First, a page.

Silent Promesses by Cécile Davidovici

Cécile Davidovici: Stitching Life into Art

Step into the captivating world of Cécile Davidovici, where threads weave tales of time, creating wistful reminiscences. Nestled in the heart of Paris, this embroidery virtuoso transforms mere fabric and thread into mesmerising narratives that dance between stillness and vibrancy.

Cécile Davidovici is truly able to sew life into her art. Melons gleam under the soft glow of candlelight, wine glasses shimmer with an ethereal allure, and hands and faces exude a palpable warmth reminiscent of sunsets.

Yet, beneath the surface of her art lies a journey of evolution and experimentation. Departing from her earlier works, Davidovici embarked on a quest to capture the essence of portraits, a pursuit that led her to the uncharted territories of embroidery. “I’ve always wanted to do portraits,” she confesses, “and I finally succeeded in a way that spoke to me by working and experimenting a lot with embroidery. I love the idea of pushing the technique to places it’s never been before.”

This relentless pursuit of innovation culminated in her ground-breaking series, La Vie Silencieuse, or The Silent Life, where modernity and tradition converge in a captivating dialogue. Collaborating with artist David Citborsky, each composition sprang to life as 3D models before Davidovici meticulously translated them into threads, infusing the stillness of classical subjects with a contemporary vitality.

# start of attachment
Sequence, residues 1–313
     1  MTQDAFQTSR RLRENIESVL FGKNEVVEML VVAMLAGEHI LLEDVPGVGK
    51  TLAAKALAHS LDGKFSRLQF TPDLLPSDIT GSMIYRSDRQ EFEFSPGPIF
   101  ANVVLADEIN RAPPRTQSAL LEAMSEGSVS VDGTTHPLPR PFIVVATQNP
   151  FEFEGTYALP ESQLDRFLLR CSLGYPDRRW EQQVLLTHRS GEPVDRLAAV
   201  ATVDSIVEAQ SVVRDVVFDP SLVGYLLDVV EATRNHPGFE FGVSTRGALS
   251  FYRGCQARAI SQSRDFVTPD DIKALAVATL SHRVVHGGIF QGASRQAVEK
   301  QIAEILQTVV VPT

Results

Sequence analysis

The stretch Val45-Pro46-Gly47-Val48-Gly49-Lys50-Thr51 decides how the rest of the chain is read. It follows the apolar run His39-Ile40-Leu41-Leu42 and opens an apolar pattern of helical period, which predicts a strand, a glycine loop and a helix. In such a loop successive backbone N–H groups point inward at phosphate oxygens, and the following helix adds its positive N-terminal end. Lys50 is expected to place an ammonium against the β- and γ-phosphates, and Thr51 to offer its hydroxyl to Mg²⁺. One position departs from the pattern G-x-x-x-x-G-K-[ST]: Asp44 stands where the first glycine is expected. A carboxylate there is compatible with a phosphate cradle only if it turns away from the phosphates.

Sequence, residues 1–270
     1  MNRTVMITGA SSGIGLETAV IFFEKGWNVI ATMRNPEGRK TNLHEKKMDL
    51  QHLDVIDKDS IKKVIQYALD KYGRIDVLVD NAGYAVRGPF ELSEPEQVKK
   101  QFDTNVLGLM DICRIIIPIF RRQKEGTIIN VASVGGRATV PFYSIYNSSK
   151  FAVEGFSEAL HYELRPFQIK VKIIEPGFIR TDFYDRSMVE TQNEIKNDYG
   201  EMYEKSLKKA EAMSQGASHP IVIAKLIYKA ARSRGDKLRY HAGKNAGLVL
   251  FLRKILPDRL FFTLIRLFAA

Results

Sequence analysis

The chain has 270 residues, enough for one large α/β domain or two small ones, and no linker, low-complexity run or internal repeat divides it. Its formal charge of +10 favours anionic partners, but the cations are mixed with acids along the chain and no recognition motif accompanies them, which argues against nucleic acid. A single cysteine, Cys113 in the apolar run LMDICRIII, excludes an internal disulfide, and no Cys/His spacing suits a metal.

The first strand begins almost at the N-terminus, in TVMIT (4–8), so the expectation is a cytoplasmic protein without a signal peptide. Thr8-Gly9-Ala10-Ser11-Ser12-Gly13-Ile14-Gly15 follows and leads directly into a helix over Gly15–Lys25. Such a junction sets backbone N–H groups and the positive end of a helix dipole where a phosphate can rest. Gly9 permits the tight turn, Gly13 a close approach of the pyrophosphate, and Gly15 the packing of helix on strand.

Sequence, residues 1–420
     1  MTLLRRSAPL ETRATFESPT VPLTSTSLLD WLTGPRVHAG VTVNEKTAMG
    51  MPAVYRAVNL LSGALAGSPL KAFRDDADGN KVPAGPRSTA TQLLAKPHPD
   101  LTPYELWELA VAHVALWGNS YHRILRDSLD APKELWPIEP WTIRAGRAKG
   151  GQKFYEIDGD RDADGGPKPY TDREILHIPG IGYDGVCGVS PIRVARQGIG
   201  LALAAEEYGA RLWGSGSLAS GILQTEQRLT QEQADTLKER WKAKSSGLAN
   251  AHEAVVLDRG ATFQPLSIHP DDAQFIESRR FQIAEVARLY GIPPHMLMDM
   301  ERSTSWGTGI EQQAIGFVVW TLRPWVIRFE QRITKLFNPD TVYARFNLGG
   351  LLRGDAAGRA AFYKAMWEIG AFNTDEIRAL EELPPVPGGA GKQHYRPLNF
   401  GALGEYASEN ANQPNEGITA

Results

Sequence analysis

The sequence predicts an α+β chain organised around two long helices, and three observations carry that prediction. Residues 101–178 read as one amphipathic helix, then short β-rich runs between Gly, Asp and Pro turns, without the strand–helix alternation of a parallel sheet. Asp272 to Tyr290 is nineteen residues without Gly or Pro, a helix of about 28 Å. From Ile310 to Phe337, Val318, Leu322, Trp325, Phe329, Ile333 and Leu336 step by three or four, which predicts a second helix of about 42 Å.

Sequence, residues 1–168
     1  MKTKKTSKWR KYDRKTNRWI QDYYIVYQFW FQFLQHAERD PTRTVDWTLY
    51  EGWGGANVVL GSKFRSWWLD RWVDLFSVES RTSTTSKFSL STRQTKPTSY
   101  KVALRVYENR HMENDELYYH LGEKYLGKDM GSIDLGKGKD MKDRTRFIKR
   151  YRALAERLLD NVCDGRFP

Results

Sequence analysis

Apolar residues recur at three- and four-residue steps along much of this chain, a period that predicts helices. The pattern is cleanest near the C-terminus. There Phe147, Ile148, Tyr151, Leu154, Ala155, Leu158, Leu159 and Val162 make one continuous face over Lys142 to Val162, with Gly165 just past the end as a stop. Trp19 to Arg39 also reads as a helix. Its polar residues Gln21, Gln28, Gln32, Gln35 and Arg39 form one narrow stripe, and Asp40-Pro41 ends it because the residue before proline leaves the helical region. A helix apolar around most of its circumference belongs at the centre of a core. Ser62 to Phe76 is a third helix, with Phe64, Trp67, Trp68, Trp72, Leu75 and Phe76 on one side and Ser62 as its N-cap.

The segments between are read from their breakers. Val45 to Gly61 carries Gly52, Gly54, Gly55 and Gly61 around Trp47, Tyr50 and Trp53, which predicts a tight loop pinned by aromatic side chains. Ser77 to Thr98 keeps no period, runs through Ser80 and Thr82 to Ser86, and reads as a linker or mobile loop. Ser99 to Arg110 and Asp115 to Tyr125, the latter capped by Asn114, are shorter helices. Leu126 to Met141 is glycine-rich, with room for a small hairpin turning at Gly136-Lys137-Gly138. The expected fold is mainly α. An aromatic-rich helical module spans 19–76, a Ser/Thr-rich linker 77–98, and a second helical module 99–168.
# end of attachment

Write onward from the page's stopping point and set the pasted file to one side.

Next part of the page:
We had the wonderful pleasure of catching up with Cécile Davidovici to learn more about her experience and technique. Take a look at her stunning work and get ready to feel truly inspired.

Cécile Davidovici

Black and white portrait of Cecile Davidovici

“I would advise everyone to experiment until you find your own personal voice. Learn from what has been done before and embrace it. Go to museums and movies. Textiles is so versatile and quite on trend now. That’s a wonderful opportunity, not to be missed.”

How did you find your way to working with textiles and embroidery?

I studied cinema, a field in which I worked for several years, first on film shoots and then on my personal projects as a writer/director. When my mother died a few years ago, I realised that I could no longer continue to express myself in the same way. My stories had to take on a new form. It took a while.

I was trying different mediums in my spare time for fun and then one day I tried embroidery. My love for this medium was almost immediate. The act of being able to touch what you’re creating, of being able to build with my hands, immediately gave me what I’d been missing.

Louisa by Cécile Davidovici
Louisa (detail) by Cécile Davidovici
Louisa (detail) by Cécile Davidovici

What are you currently working on?

I’m currently between big projects so let me tell you about our last series, La vie silencieuse, which was a collaboration with another artist named David Ctiborsky. This series was a series of still life that we exhibited last October in Paris. The way we work was quite special. David created the images with a 3D software and I then embroidered them.

We were very inspired by Giorgio Morandi’s work and his ability to make silence vibrate. We wanted to embroider objects as if they were alive. All the pieces are embroidered with cotton threads on vintage bedsheets.

David Citborsky and Cécile Davidovici
La Vie Silencieuse Series by Cécile Davidovici and David Citborsky
La Vie Silencieuse Series by Cécile Davidovici and David Citborsky
La Vie Silencieuse Series by Cécile Davidovici and David Citborsky

What was your first memory of stitching – who taught you?

I’m completely self-taught but I do remember my grandmother teaching me and my cousin to sew little pillows when I was a child. A sweet memory. My personal technique really came from experimenting and playing with the medium, trying to make it my own.